renewed military campaign in Chechnya, which was foundering under
the self-rule separatists had gained after fighting the Russian army
to a standstill a few years before. The war had undermined Russia’s
standing and self-esteem, psychological injuries that Putin seemed to
understand viscerally. Vladimir Putin did not just promise to restore
Russian rule. He went beyond the typical language of settling unsettled
scores. He vowed blood. "We will pursue the terrorists everywhere,"
he said. "You will forgive me, but if we catch them in the toilet, we
will wet them even in the outhouse." Earlier Russian premiers had been
rendered inert by the tenacity of the Chechen fighters and the reliable
incompetence of Russia’s army. (In 1995 Viktor Chernomyrdin had pleaded
for the release of hostages with Shamil Basayev, the terrorist,
on live television. "I beg you," he had said.) Putin signaled that
Russia would not beg. He came from an organization that had used fear
to bring a vast nation to heel. Violence for him was a governing tool.

Putin also showed skills as a performer, peppering an understated
demeanor with prison-slang coarseness. Hunting terrorists to their
toilets? The Russian idiom "to wet" is inmate jargon for soaking a
victim in blood. It is a knowing way of saying "to kill" and suggests
killing at very close range, as with a knife. Underneath his Italian
suits and aura of sobriety, Putin revealed an icy Eastwood deadpan. An
ease with crudity simmered beneath what passed for Putin’s style. Asked
if he worried about Russia’s columns inflicting civilian casualties,
Putin made clear that he did not, and would not keep company with
people who did. "We do not need generals who chew snot," he said.

Such was the mind behind Russia’s new war. Russian troops soon
leveled much of Grozny, Chechnya’s capital, and launched often
indiscriminate sweeps through the Chechen countryside. Victims and
human-rights organizations assigned much of the blame for the troops’
conduct to Putin, whose language seemed to encourage it. Putin was
undeterred. He had found a persona. He was not just a stern nationalist
who would restore Russian sovereignty. He was the unblinking fighter,
untroubled by rules, conscience, or second thought in the pursuit of
national order. Russia’s losing streak had been long. Putin would be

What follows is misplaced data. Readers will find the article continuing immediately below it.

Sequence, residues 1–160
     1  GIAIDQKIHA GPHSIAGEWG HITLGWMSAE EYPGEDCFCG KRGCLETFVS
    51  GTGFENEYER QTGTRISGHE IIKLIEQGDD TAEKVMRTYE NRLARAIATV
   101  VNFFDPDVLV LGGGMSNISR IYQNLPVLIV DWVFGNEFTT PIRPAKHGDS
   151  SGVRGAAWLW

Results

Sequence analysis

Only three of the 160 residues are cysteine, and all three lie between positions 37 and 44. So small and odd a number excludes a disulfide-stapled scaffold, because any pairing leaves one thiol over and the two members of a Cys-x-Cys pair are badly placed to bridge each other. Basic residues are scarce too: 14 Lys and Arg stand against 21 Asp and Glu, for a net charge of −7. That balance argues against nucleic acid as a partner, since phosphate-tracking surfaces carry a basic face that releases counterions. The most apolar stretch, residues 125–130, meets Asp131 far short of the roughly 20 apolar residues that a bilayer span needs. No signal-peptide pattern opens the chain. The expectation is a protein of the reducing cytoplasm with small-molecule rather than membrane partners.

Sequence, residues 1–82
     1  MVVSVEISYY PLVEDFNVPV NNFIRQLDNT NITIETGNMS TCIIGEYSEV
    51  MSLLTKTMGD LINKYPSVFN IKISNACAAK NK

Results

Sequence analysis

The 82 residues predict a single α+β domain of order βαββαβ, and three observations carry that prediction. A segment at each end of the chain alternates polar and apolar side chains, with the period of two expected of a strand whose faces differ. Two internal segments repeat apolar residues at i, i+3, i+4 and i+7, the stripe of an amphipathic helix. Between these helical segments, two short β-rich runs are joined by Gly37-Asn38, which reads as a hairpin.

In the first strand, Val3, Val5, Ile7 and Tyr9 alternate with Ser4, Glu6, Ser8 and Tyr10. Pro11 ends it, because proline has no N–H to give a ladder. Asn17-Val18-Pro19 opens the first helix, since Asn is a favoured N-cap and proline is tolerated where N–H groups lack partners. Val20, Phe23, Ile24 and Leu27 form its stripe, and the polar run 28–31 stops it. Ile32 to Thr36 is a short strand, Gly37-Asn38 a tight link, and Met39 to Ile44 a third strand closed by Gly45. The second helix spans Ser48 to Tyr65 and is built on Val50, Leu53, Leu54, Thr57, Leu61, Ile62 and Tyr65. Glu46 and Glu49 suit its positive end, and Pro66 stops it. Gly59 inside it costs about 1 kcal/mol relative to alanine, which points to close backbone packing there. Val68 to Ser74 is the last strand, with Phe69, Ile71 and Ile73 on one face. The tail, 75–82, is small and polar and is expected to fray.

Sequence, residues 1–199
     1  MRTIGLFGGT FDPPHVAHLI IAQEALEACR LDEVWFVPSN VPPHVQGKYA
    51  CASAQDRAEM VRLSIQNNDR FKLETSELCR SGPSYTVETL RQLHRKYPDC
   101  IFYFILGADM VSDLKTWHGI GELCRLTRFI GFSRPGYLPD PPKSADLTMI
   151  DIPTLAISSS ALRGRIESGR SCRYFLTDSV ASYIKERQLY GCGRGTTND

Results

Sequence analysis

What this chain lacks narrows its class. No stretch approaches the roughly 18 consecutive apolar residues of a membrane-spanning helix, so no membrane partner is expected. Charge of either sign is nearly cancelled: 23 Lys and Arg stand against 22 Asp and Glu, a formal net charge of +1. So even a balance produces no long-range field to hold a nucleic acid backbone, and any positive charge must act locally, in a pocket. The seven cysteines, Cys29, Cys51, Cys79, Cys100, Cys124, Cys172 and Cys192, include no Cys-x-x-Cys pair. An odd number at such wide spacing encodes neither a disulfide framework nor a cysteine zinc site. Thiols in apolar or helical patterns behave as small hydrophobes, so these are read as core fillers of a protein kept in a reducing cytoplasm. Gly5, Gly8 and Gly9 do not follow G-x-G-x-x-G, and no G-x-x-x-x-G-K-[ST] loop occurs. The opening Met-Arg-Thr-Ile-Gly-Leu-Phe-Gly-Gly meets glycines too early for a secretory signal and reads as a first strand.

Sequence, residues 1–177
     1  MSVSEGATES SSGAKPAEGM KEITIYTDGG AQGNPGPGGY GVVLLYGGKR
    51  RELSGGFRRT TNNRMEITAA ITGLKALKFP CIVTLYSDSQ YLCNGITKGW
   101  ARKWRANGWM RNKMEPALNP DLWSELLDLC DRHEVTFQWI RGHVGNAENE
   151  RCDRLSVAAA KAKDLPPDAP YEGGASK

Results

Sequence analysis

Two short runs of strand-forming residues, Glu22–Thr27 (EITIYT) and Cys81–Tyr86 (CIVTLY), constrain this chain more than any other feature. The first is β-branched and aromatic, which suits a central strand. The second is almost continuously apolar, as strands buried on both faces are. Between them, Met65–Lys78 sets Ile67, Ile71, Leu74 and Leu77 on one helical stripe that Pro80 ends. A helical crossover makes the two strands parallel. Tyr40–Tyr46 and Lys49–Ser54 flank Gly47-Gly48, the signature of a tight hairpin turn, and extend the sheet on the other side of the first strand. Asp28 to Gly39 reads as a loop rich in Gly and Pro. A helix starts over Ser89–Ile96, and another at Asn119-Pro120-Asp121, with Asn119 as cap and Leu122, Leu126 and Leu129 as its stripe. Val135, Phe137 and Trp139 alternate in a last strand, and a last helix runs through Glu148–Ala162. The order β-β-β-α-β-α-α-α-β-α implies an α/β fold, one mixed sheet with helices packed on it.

its fist. RUDEST EVER P.M. WINS OVER RUSSIA, another Western newspaper
declared. His popularity climbed.

Late in 1999, Yeltsin resigned, making Putin the front-runner in the
presidential race. In the spring of 2000, he was elected. His time
had begun.


Eight years on, Russia looks not much like it did then. The value of
the Russian stock market has soared. Personal incomes have grown. A
society that suffered the forced austerity of communism and economic
collapse has entered a carnival of personal spending. Gone are empty
shelves, replaced by a rollicking consumer culture that buys what it
wants. French perfumes, Austrian chocolates, Japanese electronics,
Scandinavian cell phones, Italian handbags, Cuban cigars, Australian
wines, and single-malt Scotches-malls have opened offering all of
these. Rates of car ownership have multiplied with access to personal
credit, and Moscow’s roads, cluttered during Yeltsin’s time with
Zhigulis, are jammed with BMWs and Benzes. Extravagant restaurants
cater to the wealthy. Sushi, in the inland reaches of a northern
forest, is a minor Russian craze. For people of even modest means,
stores stock fresh fruits and vegetables year-round. Yes, babushkas
still sell onions on the streets. And yes, rural areas are deeply
depressed. But the expanding Russian wealth has grown beyond the
horizon. Visit tourist destinations in Thailand, the Mediterranean,
Europe, or the Red Sea and you will hear Russian. Visit a real
estate office in any Western capital and you will hear tales of
Russian buyers.

Such are the signs of the most tangible freedom associated with
Putin’s Russia-the freedom to buy whatever you can afford, except,
in most cases, power.

No small part of this turnaround resulted from conditions outside
Putin’s control. Russia’s combined oil and natural-gas reserves
are the world’s largest, and with timber and coal and mineral
deposits, these resources positioned Russia to be a global gas pump,
lumberyard, and mine long before any of us knew Putin’s name. The
price explosion of oil enriched Russia with head-spinning speed,
creating a huge transfer of global wealth to Slavic hands. Along the